Mack Culpepper

Mack Culpepper
Professional Title
Assistant Professor, Department of Sport and Exercise Sciences
Mac and his Family
Mac and his Family

For Mack Culpepper, there’s only one thing better than coaching: training future coaches.

During his 45 years as a coach – primarily for varsity girls’ basketball at Franklin and Schenevus central schools and AAU girls' teams at the Oneonta Boys and Girls Club – Culpepper has made a lasting impact on hundreds of local athletes, teaching not just basketball but also life lessons on perseverance, sportsmanship and fairness. 

For the past 10 years as an assistant professor in the Department of Sport and Exercise Sciences, he has continued to make an impact by passing his life experience on to the next generation of coaches.

“This is what I always wanted to do”

After earning two- and four-year degrees in law enforcement, Culpepper had a change of heart and decided he wanted to be a teacher. He spent a year with Volunteers in Service to America (VISTA), moved to Oneonta in 1976 to earn a master’s in education at SUNY Oneonta, and landed a job in the Financial Aid Office in 1979. In 2011, Culpepper retired from full-time work after a 32-year career at the college – 19 years as a financial aid counselor and 13 years in Student Accounts – and then began a second career teaching coaching classes.

Mack Culpepper

“I love it,” he says. “This is what I always wanted to do.”

His favorite class is Philosophy, Principles and Organization of Athletics in Education, a key requirement for students pursuing a minor in Athletic Coaching or earning New York State Coaching Certification.

“I tell my students: Know your craft. Be the best teaching coach out there. Because I don’t care what plays you run. If you don’t have what I call the ABCS, the 123s, plays don’t mean anything. You’ve gotta have the fundamentals.”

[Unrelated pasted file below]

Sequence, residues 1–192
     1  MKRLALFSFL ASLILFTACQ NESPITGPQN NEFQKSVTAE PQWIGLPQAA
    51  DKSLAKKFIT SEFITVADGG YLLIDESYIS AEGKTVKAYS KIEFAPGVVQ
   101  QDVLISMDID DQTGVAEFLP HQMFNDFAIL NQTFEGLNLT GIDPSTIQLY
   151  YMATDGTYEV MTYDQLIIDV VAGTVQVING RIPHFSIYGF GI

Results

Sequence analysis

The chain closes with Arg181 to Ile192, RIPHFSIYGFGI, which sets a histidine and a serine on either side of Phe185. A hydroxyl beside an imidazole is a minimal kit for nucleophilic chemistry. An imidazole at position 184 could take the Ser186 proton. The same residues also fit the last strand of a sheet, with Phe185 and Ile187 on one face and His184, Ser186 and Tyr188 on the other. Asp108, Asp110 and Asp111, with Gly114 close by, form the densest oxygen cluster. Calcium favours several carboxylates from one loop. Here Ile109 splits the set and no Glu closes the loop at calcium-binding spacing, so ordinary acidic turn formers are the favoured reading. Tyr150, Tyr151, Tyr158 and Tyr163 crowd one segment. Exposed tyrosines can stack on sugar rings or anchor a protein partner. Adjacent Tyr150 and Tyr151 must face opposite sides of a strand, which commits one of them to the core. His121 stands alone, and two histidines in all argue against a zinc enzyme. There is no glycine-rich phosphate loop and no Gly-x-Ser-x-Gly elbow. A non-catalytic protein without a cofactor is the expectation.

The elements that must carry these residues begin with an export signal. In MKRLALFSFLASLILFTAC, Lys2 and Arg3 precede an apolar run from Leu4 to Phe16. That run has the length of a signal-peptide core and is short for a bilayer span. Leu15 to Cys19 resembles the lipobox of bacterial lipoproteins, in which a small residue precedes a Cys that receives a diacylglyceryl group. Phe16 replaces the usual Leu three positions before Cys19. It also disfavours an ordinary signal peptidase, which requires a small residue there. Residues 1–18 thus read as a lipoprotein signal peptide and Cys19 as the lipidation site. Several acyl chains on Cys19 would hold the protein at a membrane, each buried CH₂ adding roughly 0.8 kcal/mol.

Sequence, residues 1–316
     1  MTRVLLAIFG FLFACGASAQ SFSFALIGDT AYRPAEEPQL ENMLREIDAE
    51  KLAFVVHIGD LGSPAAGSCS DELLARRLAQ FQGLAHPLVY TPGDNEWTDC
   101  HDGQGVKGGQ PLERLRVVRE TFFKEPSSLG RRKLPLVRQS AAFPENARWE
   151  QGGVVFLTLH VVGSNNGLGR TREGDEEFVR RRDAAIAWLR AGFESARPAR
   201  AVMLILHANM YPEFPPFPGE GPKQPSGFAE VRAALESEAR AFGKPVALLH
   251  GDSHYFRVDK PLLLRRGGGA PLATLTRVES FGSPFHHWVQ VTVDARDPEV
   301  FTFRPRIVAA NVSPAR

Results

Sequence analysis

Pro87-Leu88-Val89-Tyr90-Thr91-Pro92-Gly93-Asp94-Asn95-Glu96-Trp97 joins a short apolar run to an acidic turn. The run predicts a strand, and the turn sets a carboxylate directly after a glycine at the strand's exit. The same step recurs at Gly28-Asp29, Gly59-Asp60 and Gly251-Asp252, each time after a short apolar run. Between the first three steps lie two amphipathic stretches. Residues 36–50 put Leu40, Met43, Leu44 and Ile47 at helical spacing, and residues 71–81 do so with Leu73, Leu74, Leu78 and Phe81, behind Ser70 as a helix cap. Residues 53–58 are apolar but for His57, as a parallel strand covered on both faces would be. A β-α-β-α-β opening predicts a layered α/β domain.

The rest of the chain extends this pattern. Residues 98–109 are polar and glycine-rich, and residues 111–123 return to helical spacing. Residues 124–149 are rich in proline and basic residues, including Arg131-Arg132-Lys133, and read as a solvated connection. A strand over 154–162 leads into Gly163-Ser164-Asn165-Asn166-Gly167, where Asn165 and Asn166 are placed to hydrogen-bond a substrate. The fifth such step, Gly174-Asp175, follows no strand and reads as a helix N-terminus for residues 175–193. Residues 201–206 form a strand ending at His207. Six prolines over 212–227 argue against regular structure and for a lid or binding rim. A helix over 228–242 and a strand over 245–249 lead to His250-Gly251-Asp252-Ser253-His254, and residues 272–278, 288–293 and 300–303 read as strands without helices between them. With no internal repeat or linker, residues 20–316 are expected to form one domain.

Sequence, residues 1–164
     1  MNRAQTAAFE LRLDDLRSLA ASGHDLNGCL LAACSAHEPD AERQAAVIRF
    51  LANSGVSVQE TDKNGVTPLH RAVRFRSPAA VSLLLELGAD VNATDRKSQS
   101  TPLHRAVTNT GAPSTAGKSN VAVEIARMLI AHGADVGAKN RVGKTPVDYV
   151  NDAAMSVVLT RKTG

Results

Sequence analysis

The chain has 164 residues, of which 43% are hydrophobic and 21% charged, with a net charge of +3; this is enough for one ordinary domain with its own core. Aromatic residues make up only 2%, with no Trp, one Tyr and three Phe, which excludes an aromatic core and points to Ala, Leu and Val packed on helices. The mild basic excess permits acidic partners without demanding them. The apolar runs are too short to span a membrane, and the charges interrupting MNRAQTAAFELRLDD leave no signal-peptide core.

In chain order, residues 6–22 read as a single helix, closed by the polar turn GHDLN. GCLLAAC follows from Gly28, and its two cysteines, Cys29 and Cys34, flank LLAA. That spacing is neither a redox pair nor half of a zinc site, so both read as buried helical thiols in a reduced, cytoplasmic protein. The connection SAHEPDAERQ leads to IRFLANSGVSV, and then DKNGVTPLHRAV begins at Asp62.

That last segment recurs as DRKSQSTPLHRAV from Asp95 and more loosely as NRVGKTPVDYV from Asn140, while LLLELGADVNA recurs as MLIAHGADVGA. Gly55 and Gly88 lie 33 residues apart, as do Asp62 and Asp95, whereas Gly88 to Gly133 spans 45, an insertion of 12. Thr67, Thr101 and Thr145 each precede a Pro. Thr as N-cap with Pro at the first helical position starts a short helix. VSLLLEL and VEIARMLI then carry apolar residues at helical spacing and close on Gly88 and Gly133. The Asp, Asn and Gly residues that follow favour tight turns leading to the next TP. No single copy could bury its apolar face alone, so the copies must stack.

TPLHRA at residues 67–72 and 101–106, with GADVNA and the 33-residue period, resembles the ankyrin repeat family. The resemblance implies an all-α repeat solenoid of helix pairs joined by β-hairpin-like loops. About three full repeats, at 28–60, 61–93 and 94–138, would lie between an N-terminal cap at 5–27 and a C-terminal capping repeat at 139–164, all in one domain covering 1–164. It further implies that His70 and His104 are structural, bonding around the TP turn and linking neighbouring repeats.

“I’ll put my toes right up to the line”

Known as a “tough coach,” Culpepper says he enjoys “pushing kids to do things they don’t want to do or think they can't do. I heard somewhere this belief that athletes only give you 50 percent. Coaches have to draw out the other 50 percent.”

He has a strong philosophy about winning the “right” way. “I know the rules, I also make sure my players know the rules, and I’ll be honest: I’ll put my toes right up to the line, but I won’t cross it.”

Culpepper has stayed in touch with many of his former students and players and says the most rewarding part of being a coach is “the friendships that come out of it.” 

When he was battling Stage 3 colon cancer in 2017, a parent from his AAU team coordinated a rotation of hot meals delivered to him and his family every Wednesday after his chemotherapy treatments. "And that doesn't happen unless the team wants it to happen," he says.

"All I want to do is reach one kid”

Tri-Valley Athletic Association Coaches Hall of Fame
Mac was inducted to the Tri-Valley Athletic Association Coaches Hall of Fame

Culpepper grew up in Canastota, NY, “a small Italian village in Central New York where everybody knew everybody,” with eight adopted and foster brothers and sisters. 

“A lot of my coaching philosophy and teaching came from my mom,” he recalls, sharing some of the time-tested “Culpepperisms” he has reinforced with his players and students: “Know right from wrong. Don’t lie. Be correct in what you say. And fight like a dog for fairness.”

Known as the “class clown” in junior high and high school, Culpepper struggled at the community college level. He will never forget the mentor who saw his potential and convinced the college to give him another chance when he was in danger of flunking out.” I woke up out of my coma before it was too late. I had to study. I’m not brilliant,” he recalls, joking, “Except in sports. As my mom used to say, ‘I don’t know how you can remember what Micky Mantle did last week but you can’t remember this algebra formula.’”

Now, Culpepper pays it forward as a mentor to Oneonta students who are struggling. “I see a little of myself in some of these kids. I am not going to let them fail. If they’re like me, slow learners, I call on them in class, I work with them, and I cut them some slack. Knock on wood, I haven’t been wrong about anybody I’ve given a chance to.”

He finds the ability to make a difference, one student at a time, more gratifying than even the most dramatic, come-from-behind win on the basketball court. “When I was young and worked sports camps, I wanted to reach everyone,” he says. “Now, being older and wiser, all I want to do is reach and make a difference in one kid.”

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